If your political leanings fall to the left, you’re not very likely to like Jeff Foxworthy, and, sadly, if they fall to the right but you live in a state that always votes Democratic, you may not get many chances to see him.
Mr. Foxworthy rose to fame in the 1990s with material that began with “You might be a redneck if…” So this slant may not be surprising, yet even an everyman comedy megastar like Jerry Seinfeld—famous for jokes about inoffensive topics like seedless watermelons and seat belts—is strongly favored by left-leaning areas, according to a new analysis by Evan Soltas, an economics student at Princeton and contributor to Vox and Bloomberg View. He recently published his findings in this chart on Twitter:
“It’s really amazing, when I went through the data, just how extreme political sorting is,” Mr. Soltas told the Observer in a phone call.
Here’s a quick explanation of what you’re looking at above: the chart shows how strongly interest in a given comedian skews in states based on their political preferences. The longer the blue line, the more interest in a comedian correlates with political leanings. A long line means that political preference in a state corresponds with a much sharper increase in interest for a given comedian. The grey lines show degrees of uncertainty. The chart is silent on how popular a comedian is overall.
“The underlying impulse in making it was that we hear a lot about comedy being political, and the idea that what you find funny is so heavily influenced by what your underlying beliefs are,” he said. This proved true often enough to be interesting. Lots more people dig Trevor Noah in states that vote Democrat than in states that vote Republican. Very conservative comics barely register search interest in New York and California.
Meanwhile, Robin Williams brings everyone together. Mr. Soltas found no particular skew, politically, for Mrs. Doubtfire. Interest in the departed comedian held fairly steady from state to state (the comics with very short blue lines are the ones with the weakest associations to politics).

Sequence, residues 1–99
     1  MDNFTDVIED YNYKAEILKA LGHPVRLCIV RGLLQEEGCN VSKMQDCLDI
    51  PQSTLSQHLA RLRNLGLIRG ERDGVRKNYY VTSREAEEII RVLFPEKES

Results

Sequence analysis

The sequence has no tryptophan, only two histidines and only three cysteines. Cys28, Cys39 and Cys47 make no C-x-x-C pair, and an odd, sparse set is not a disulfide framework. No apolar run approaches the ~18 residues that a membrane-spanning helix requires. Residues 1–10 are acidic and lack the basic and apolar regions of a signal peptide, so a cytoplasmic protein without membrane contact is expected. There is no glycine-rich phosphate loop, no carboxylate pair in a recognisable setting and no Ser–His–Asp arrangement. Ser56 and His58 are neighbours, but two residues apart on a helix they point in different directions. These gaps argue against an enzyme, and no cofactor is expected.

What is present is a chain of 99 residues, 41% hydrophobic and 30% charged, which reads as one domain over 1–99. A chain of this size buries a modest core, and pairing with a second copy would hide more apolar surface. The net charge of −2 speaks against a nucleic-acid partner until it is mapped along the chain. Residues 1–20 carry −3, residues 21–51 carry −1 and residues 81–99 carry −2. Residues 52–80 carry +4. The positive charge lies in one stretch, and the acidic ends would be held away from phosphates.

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Mr. Soltas used state level search data available through Google Trends. In other words, it doesn’t get any closer to the individual audience member than the state they live in. He assessed each state’s leanings using the Cook Partisan Voting Index.
This was not academic research, but an analysis that Mr. Soltas did out of curiosity, following a conversation with some friends about comedy and politics. He also noted that there are definitely comics whose audiences tend to be indicated by other demographic indicators, like race, ethnicity or religion (he mentioned George Lopez and Woody Allen, for example), but “Those are not the majority,” he told us.
As much as people in comedy might like to believe that funny is funny, no matter the content, it seems that what you believe strongly predicts what stand-up you’ll like (though some audiences have been known to get confused).
Another way to say this is, you might be a redneck if you like Dennis Miller, but if you like Larry the Cable Guy? Yeah, probably.